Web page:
Now, people say that animals don’t understand spoken language. They understand tone. I’m not entirely sure what animals understand because upon the utterance of my words, Snowbell backed up her feline body, slinked to the foot of my bed, let out a defeated yowl, and fell over as if she had just died.
Victory was mine.
I, of course, told my husband of this great triumph, but he didn’t feel the same pleasure as I. He has never defeated our tenacious house cat. He doesn’t know Victory’s sweet taste as I do.
Our other cat is Snowbell’s sister, and they do behave as such. Ginger (she came with that name) is opposite in size and disposition to Snowbell. She is very large and quite fat. While Snowbell seems to be utterly feline in her nature, Ginger is almost canine. She likes everyone–even dogs. She greets everyone at the door upon their arrival, strangers and friends alike. Snowbell also sits by the door when people arrive, but this doesn’t seem to be motivated by friendliness. She acts more like a bouncer at an exclusive club. People have commented that they feel judged by Snowbell. She actually causes people to feel uncomfortable! It’s her cold stares, I suspect. Like there’s an old misanthropic judge residing in her body determining the content of the character of all my guests. Ginger, on the other hand, just wants to love everyone. Her size reminds us of a large teddy bear. Ginger will let my children hold her, drag her around, and cuddle her. If she is bothered, she doesn’t say. She will even let them wrestle her on the floor–gently, of course.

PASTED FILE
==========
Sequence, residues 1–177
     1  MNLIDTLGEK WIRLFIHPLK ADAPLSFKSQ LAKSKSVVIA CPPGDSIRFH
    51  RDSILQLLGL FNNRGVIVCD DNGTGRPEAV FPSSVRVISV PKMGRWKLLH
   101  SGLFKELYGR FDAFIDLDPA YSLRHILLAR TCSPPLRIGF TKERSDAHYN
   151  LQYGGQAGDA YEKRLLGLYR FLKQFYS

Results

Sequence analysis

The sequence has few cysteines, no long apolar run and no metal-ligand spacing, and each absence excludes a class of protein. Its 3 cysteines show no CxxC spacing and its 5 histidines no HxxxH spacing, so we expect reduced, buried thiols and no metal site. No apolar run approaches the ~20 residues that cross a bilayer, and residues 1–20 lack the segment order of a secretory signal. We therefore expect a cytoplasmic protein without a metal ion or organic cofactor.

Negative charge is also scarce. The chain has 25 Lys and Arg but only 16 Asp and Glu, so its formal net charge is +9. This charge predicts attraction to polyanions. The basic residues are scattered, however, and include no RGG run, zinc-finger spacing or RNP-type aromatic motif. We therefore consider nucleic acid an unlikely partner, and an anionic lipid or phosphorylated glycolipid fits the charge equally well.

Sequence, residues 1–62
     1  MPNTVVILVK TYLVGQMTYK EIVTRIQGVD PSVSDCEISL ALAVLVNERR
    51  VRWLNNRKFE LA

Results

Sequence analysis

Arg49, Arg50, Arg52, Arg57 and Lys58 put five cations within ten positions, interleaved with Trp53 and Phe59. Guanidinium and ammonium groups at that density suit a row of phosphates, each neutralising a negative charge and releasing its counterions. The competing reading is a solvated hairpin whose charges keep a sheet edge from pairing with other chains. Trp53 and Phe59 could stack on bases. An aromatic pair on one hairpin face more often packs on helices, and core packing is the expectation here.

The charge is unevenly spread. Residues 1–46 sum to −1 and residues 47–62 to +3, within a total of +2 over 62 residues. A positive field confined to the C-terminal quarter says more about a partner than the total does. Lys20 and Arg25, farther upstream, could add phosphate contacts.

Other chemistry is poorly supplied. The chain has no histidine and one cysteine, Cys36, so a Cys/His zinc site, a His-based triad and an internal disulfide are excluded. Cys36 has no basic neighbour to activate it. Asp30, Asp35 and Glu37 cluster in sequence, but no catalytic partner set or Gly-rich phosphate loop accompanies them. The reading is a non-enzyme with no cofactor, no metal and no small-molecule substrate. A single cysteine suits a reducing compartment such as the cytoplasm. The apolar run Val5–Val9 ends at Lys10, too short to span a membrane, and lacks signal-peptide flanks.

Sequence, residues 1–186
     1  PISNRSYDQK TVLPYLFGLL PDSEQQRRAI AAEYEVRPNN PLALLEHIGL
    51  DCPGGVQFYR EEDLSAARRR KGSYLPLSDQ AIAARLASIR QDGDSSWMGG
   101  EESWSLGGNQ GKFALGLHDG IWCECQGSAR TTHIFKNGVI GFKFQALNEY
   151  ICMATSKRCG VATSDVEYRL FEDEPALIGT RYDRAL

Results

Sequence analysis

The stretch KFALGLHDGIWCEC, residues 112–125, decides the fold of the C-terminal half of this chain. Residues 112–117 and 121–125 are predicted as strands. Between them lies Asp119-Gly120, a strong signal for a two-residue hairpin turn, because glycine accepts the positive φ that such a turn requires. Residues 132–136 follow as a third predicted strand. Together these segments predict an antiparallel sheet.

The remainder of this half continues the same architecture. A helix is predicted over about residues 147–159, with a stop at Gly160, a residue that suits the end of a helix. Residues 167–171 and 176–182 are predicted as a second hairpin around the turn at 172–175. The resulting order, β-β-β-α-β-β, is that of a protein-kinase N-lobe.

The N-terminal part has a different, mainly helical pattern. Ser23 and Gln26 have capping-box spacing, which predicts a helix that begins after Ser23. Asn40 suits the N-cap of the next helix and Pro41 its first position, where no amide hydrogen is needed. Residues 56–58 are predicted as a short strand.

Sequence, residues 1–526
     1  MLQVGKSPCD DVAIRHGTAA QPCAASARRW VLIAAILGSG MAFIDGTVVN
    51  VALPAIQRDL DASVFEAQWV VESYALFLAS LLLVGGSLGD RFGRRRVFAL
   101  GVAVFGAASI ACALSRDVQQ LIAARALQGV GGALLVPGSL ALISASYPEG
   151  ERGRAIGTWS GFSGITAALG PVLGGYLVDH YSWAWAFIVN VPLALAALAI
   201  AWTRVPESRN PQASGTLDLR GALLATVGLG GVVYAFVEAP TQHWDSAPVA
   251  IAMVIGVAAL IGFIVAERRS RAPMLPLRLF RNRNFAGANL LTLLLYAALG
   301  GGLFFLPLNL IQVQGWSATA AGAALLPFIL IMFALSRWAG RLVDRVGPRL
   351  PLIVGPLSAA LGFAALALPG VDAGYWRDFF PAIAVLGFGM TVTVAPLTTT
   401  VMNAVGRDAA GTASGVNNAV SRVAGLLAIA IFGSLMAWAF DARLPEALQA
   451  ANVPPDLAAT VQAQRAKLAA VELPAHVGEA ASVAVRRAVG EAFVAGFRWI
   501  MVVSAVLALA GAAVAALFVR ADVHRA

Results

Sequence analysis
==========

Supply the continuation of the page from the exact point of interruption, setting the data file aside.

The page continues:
Both of these cats are half-Siamese which means they have a bit of that breed’s temperament. Siamese cats are very social cats as well as a needy breed. They do not tolerate being alone often. They remind me a bit of dogs in their need for attention and companionship. This probably explains Ginger’s disposition. So, why write about my cats? Well, there is something extraordinary about them.
Ginger has a special sense that I’ve not encountered in any of my other pets. Ginger knows when anyone in the family needs emotional help. She has become the Therapy Cat. I didn’t realize that she was like this during the first year of owning her, but I have watched it evolve. When Grace was going through her diagnosis process last year and enduring so much suffering, Ginger followed Grace everywhere, chirping, meowing, and yowling as Siamese cats do. Ginger possesses that Siamese voice and all its quirky vocal characteristics. She is extremely talkative and will engage us in very long conversations. Grace became annoyed by Ginger’s constant attention, but Ginger would not leave her side. Ginger insisted upon being carried around like a sack of potatoes. She slept on top of Grace like a weighted blanket. She groomed Grace’s hair. She sat next to Grace on the couch. Grace came to rely on Ginger, and Ginger clearly loved Grace.